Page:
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Panel supports move to shift control of PED

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SANTA FE – A proposed constitutional amendment to shift control of the Public Education Department from the Governor’s Office to a new, elected 10-member state education board advanced Friday after being approved by the Senate Rules Committee in a party-line vote.

The nonpartisan state school board proposed in Senate Joint Resolution 2 would be charged with hiring and evaluating a state schools superintendent, eliminating the current system, in which the governor appoints a Cabinet secretary to head the Public Education Department.

The resolution, sponsored by Sen. Michael Padilla, D-Albuquerque, now heads to the Senate Education Committee after passing the Rules Committee 6-4, with the committee’s Republican members voting against the proposal.

If passed by both chambers in the Legislature, the proposed constitutional amendment would go to voters in November to be ratified.

The elected state school board established under the proposed amendment resembles the education system oversight board New Mexico had in place through 2003, when the state adopted a constitutional amendment, backed by then-Gov. Bill Richardson, to give the governor exclusive authority to hire the state’s public schools chief.

The effort to take the Public Education Department reins out of the hands of the governor comes as Democratic lawmakers have voiced criticism of Gov. Susana Martinez’s pick for education secretary, Hanna Skandera. Appointed in 2011, Skandera has not received a confirmation vote in the Senate Rules Committee.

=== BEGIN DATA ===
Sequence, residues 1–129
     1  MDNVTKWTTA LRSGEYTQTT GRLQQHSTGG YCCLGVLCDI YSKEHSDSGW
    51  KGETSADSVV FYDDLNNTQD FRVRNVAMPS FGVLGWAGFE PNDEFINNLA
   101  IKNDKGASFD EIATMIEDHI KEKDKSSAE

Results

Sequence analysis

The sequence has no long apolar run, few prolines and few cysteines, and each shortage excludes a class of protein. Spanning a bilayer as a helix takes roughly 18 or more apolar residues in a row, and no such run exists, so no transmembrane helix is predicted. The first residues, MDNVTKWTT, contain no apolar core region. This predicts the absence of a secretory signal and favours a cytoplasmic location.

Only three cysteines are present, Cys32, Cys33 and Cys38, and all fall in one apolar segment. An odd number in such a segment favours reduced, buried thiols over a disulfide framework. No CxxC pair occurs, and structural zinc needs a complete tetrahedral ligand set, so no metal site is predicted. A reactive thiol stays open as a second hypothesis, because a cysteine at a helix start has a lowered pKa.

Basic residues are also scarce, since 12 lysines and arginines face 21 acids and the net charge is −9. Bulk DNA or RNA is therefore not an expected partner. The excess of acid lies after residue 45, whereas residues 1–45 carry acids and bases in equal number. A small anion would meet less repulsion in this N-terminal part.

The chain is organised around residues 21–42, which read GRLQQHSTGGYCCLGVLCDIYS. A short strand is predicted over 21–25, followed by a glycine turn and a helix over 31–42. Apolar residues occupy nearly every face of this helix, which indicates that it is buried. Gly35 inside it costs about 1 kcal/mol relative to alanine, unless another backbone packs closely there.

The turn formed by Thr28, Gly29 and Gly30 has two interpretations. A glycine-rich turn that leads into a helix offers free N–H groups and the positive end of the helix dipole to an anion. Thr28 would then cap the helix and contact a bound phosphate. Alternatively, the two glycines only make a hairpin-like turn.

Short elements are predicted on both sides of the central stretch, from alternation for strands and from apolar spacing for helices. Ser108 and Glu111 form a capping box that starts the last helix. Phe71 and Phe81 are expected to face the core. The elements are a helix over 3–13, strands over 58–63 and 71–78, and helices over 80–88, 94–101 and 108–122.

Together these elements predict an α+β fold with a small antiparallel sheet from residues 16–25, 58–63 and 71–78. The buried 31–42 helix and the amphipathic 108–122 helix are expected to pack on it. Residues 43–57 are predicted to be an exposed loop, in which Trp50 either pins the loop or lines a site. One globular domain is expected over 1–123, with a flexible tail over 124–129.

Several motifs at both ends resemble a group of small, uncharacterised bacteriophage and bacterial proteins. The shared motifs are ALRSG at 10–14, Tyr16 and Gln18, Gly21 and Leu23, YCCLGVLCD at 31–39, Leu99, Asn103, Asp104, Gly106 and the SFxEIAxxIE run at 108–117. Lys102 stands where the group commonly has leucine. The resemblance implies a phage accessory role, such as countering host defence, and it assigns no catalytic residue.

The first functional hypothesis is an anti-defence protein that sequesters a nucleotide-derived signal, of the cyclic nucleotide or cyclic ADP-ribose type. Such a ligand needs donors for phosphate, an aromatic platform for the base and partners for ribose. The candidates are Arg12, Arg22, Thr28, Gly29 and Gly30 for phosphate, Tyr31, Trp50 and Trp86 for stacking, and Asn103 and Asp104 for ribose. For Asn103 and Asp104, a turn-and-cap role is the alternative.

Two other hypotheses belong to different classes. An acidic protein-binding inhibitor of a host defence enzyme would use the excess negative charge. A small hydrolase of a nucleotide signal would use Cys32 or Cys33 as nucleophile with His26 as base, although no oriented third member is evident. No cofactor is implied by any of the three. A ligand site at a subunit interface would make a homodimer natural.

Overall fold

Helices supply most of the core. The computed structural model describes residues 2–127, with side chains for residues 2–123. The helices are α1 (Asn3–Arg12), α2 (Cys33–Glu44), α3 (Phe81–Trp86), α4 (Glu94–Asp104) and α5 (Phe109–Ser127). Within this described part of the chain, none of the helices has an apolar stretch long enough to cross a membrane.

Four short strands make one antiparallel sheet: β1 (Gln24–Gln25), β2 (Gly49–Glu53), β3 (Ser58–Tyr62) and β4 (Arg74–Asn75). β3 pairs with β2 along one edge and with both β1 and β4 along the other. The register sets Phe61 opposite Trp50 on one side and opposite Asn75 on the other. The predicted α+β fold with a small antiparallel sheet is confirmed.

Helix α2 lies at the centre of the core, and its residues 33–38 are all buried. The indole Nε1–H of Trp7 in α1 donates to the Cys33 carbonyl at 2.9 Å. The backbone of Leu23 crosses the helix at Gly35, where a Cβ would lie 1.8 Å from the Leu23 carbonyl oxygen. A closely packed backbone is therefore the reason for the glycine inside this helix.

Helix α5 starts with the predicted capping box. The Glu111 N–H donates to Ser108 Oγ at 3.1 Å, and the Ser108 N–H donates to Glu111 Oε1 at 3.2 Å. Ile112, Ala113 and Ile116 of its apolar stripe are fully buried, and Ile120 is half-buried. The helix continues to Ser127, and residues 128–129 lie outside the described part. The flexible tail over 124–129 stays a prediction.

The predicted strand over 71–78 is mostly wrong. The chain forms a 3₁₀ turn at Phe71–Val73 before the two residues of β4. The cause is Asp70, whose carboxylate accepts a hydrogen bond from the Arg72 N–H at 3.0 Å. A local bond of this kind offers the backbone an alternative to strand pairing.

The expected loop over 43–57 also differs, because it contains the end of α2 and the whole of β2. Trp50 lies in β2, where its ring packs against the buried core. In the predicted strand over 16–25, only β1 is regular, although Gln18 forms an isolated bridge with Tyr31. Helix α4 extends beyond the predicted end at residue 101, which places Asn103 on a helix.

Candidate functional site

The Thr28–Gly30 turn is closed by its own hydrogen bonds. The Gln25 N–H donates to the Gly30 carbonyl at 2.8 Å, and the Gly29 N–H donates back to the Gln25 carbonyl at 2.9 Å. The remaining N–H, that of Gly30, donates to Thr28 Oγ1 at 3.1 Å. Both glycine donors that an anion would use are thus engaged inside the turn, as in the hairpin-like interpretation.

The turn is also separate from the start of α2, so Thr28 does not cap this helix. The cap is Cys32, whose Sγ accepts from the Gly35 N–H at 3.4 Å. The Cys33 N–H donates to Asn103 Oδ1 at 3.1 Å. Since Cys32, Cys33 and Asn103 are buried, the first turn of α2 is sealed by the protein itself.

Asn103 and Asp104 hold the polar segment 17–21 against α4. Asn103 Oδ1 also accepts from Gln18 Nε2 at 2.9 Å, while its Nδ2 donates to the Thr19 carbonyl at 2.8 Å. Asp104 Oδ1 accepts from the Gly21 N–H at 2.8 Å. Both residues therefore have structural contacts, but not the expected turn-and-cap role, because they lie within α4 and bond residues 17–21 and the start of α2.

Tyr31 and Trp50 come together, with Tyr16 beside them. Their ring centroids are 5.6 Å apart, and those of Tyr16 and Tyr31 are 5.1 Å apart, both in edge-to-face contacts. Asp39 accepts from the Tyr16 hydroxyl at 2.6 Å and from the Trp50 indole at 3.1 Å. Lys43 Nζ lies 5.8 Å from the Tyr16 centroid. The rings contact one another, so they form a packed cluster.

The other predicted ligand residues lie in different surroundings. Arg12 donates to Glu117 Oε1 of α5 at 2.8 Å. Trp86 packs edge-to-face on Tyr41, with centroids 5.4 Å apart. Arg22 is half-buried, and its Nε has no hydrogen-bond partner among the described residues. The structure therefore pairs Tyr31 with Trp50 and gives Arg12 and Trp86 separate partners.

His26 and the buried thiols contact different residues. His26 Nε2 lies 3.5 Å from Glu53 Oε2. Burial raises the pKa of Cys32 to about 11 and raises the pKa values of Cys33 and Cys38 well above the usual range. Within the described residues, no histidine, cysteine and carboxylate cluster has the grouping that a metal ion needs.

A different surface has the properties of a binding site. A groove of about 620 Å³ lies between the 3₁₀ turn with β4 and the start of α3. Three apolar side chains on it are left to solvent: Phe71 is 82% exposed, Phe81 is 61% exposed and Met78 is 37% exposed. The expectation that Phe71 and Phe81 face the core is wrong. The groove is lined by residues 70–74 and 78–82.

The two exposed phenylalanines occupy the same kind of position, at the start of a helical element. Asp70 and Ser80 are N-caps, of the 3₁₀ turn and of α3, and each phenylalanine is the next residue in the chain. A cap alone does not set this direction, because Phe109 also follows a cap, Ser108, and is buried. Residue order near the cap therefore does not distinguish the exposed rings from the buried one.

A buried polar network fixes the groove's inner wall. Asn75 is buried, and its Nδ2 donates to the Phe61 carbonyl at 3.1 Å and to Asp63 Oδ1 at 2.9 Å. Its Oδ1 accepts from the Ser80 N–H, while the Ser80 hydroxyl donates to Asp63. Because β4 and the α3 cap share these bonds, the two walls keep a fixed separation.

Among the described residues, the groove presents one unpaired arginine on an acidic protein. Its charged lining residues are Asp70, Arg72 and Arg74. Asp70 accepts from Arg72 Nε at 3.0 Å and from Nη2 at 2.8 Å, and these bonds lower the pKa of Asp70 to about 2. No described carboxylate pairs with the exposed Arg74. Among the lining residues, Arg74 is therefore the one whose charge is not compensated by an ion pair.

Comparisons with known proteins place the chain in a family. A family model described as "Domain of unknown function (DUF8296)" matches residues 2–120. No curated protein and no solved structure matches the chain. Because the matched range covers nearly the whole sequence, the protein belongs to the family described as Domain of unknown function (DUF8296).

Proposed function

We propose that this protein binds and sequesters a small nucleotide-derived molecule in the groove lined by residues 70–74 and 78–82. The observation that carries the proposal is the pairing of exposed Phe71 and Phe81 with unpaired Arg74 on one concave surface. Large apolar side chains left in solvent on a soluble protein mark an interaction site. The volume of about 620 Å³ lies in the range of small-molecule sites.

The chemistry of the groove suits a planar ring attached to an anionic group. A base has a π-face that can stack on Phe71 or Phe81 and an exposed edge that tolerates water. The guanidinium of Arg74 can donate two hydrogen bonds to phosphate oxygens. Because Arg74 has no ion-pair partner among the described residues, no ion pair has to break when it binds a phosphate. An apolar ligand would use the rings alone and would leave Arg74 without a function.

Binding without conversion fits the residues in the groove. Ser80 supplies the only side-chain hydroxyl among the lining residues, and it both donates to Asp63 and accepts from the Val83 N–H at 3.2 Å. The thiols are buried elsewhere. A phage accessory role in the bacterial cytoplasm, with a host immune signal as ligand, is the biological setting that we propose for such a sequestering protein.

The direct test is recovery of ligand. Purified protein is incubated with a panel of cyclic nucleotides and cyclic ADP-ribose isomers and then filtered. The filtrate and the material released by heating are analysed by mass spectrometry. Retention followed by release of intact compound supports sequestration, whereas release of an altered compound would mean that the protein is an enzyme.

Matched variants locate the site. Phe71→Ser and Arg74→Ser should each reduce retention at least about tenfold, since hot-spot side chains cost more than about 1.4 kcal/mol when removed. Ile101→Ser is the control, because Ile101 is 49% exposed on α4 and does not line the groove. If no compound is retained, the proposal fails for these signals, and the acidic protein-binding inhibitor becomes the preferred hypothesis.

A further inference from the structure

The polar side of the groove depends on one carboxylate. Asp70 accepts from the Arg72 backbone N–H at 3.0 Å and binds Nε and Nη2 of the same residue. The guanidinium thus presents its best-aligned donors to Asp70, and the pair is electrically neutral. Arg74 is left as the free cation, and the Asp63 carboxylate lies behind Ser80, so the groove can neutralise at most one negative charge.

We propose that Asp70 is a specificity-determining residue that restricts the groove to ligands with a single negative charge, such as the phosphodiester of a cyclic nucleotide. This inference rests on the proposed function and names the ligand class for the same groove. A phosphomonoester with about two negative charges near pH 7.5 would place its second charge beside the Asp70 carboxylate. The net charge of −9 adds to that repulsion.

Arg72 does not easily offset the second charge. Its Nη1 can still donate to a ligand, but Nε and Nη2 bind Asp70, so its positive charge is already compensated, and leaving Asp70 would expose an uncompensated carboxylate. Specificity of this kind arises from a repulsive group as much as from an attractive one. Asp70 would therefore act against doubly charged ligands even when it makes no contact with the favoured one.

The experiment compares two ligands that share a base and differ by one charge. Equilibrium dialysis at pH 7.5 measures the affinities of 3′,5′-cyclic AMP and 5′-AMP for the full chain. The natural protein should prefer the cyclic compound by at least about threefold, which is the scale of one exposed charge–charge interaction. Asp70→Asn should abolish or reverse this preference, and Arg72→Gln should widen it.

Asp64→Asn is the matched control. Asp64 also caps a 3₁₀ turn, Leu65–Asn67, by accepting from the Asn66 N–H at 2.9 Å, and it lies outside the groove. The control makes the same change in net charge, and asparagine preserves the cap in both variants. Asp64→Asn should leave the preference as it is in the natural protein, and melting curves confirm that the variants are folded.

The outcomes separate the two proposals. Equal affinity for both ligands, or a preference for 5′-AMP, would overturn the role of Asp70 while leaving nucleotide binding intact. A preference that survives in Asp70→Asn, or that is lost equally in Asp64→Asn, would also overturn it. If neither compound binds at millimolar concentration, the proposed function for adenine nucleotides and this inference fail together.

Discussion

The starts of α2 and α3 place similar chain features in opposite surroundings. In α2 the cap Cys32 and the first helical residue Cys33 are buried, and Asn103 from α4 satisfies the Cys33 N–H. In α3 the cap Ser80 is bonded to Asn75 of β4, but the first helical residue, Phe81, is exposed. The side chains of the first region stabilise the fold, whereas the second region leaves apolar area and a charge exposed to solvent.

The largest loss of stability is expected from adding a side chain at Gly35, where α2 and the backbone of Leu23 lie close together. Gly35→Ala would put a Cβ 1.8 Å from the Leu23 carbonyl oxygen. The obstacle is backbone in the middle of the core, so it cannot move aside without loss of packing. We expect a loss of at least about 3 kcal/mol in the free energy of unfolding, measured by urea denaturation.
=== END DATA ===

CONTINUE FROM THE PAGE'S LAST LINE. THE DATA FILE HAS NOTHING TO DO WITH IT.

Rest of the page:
Padilla said the attempt to shift control of the schools to the Governor’s Office didn’t work and should be turned back.

“I just don’t believe this is working out for us here at the moment, which is why I chose to bring this legislation,” Padilla said.

He said the proposal would reduce political influence on the state’s education system and smooth transitions between gubernatorial administrations.

But Republicans on the Senate Rules Committee charged that the proposal to go back to an elected state education board is a political gimmick.

Sen. Sander Rue, R-Albuquerque, said critics of the governor’s education initiatives are missing the mark by attempting to oust Skandera through a constitutional amendment.

“Ultimately, it’s the governor of this state that sets education policy. The secretary of education is charged with implementing that policy,” Rue said. “The good news for everyone in this room is if you want to change things, you’ve got an election (for governor) in November.”

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